Fecal Transplantation: What Exactly is 'Transpoosition'?

This past week while vacationing with family, my sister, a nurse, recounted to me a hilarious story about attempting to persuade a 70-something year-old woman to poop into a plastic container so that her husband could receive a fecal transplant for C. diff.  I realized that I don't know a lot about this concept- it's not really something we do in the ER.  Hearing from my sister and reading a recent article about fecal transplantation has piqued my interest in what has been described as "An Elegantly Icky Situation".

Fecal transplantation, known comically by some as 'transpoosition', is perhaps the grossest medical procedure I have ever encountered.  Give me blood and guts but just don't make me touch your poop.  Providers recognize C. diff is a serious problem.  It leads to nausea, dehydration, loss of appetite, weight loss...and potent smelling hospital hallways (there's nothing like trying to eat your lunch when there is a C. diff patient in your section).  Incidence of C. diff is increasing with about 15-20,000 patients dying of the disease in 2010.  Some strains of C. diff are becoming resistant to antibiotics.  Recurrence after treatment occurs in 15-30% of patients.  Individuals with at least once recurrence have a 65% chance of another episode.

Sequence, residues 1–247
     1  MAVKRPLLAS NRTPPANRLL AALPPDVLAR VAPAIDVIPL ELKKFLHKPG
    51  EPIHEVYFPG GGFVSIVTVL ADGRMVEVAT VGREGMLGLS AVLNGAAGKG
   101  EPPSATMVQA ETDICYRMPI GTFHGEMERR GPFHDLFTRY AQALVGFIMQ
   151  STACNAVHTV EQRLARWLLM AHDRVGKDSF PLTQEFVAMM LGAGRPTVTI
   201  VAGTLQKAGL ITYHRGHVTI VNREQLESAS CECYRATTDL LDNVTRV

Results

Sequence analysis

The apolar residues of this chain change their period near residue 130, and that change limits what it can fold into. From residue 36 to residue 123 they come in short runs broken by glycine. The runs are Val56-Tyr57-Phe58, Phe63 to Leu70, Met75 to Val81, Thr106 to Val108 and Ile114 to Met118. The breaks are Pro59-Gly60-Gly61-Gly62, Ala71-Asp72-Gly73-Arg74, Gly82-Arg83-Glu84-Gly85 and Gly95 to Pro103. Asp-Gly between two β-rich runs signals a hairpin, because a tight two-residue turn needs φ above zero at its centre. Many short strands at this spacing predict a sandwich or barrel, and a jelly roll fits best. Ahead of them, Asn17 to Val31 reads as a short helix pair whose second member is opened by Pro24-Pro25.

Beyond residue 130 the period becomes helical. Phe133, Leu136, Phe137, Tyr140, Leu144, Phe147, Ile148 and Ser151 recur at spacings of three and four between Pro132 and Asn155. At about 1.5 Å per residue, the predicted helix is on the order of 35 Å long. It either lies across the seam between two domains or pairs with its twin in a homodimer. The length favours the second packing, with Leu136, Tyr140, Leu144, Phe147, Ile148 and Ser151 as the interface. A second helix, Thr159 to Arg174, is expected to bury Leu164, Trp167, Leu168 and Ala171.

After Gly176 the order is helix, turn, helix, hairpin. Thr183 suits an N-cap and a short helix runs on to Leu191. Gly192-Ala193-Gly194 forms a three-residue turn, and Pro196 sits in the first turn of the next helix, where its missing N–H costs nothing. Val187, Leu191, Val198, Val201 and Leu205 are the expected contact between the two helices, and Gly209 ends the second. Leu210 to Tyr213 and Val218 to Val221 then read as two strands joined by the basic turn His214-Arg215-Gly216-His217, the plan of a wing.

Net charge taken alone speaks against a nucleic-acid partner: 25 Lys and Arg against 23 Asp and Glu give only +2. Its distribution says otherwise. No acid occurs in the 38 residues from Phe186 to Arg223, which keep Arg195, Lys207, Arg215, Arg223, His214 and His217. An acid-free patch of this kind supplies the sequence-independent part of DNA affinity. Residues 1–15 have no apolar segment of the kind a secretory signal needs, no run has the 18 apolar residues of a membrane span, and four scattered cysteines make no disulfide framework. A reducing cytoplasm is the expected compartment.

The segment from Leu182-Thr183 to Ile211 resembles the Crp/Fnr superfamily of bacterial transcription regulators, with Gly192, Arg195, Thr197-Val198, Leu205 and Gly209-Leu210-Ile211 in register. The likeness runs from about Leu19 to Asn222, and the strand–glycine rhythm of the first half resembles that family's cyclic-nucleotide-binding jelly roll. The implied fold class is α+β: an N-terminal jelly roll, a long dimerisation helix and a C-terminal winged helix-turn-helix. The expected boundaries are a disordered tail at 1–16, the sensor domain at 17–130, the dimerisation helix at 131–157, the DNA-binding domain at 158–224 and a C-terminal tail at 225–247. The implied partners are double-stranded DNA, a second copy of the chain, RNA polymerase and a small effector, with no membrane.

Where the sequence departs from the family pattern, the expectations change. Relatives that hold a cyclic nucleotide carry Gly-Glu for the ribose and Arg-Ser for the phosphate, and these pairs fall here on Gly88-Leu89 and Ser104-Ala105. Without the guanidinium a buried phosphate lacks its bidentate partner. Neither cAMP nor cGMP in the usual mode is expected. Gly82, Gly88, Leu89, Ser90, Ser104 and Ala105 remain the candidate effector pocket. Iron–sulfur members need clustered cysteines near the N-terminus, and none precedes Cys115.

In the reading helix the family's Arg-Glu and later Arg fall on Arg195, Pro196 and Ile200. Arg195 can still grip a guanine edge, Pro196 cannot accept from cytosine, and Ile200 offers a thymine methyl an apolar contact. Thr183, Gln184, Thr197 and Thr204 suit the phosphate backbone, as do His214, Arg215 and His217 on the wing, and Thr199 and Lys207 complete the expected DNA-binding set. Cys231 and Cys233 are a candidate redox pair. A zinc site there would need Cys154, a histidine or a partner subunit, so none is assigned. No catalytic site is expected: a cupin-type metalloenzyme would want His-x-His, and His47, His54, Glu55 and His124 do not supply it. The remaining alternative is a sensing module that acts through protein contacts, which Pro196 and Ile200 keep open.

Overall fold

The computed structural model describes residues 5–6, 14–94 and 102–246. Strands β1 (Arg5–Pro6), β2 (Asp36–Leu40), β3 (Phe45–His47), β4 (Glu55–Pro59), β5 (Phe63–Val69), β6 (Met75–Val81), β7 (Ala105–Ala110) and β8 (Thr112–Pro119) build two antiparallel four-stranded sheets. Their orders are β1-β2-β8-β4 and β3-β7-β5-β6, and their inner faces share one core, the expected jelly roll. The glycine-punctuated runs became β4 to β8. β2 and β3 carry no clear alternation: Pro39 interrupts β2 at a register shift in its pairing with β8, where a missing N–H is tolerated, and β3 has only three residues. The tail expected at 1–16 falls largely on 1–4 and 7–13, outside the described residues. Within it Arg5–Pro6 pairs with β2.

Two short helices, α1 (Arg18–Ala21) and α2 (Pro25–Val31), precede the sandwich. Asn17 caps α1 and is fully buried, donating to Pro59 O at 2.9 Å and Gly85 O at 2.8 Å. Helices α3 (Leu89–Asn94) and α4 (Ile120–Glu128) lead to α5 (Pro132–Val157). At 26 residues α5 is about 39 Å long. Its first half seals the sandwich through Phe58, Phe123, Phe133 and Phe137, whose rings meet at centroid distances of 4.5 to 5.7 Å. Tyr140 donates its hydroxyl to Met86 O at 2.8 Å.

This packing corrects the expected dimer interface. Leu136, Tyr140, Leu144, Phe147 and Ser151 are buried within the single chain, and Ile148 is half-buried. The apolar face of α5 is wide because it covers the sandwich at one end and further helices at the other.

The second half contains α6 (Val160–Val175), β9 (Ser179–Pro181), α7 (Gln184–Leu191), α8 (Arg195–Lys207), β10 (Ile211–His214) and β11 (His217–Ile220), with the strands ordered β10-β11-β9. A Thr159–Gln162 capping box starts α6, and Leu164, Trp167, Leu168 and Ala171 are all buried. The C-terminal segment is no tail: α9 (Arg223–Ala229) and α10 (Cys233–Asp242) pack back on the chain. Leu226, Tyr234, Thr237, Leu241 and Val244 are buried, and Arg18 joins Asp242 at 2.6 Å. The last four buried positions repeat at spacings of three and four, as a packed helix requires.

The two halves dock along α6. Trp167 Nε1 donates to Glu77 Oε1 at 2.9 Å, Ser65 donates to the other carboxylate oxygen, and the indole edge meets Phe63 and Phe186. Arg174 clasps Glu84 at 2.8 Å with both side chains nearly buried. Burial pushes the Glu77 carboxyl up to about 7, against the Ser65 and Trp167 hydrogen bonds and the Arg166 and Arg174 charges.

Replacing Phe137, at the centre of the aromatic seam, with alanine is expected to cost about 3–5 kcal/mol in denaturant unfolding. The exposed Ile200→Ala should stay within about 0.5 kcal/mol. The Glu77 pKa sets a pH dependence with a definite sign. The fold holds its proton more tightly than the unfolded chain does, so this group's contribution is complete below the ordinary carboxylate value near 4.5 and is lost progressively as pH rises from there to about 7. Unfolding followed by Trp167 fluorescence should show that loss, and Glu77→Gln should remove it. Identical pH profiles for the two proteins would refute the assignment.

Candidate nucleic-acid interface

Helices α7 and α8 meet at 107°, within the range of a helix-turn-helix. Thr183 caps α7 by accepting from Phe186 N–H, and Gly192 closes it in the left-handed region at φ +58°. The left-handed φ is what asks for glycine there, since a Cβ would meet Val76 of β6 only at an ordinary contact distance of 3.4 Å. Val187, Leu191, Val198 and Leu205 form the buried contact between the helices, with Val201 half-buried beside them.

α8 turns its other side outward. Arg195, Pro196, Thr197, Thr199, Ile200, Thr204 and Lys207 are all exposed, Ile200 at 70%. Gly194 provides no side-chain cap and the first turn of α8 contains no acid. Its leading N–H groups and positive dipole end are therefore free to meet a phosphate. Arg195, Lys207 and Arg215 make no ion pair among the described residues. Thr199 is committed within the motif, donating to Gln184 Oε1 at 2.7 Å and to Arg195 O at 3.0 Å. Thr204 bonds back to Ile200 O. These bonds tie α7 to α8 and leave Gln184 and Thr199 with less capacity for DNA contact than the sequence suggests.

Given the severity of the C. diff situation, naturally researchers are looking for a cure.  Who would have guessed they would stumble upon fecal transplantation.  Yes, studies and practice show that taking excrement from an individual close to the patient, blending it with saline into somewhat of a stool smoothie and transplanting it into the affected patient by enema or nasogastric tube proves an effective treatment for C. diff.  The procedure works by retstoring normal flora in the gut.  Unlike hit-or-miss antibiotic regimens, fecal transplantation boasts a mean success rate of 96%.  

Here's one DIY you won't find on Pinterest- one research study even investigated techniques for at-home fecal transplantation methods.  Personally, if I contracted recurrent C. diff I would be willing to give this repgnant treatment a try- just please administer the fecal concoction by enema not NG tube.  I can stomach the rectal route of this concept but please, please never put anyone's excrement, family or not, near my nose or mouth!